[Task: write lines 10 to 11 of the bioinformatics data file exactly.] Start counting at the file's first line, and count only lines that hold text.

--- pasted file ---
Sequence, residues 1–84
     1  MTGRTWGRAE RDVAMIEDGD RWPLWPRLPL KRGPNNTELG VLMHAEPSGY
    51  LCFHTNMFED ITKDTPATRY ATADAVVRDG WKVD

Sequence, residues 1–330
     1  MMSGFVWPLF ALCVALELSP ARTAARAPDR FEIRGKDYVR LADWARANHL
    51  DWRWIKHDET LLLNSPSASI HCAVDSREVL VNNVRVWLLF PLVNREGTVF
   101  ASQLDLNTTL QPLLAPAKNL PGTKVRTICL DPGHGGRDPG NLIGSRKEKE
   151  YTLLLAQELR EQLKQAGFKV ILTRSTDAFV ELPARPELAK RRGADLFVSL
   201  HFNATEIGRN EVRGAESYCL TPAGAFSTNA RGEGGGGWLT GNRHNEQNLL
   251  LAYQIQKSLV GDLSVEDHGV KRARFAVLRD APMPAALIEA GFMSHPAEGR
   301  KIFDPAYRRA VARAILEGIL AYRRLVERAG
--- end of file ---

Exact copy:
   251  LAYQIQKSLV GDLSVEDHGV KRARFAVLRD APMPAALIEA GFMSHPAEGR
   301  KIFDPAYRRA VARAILEGIL AYRRLVERAG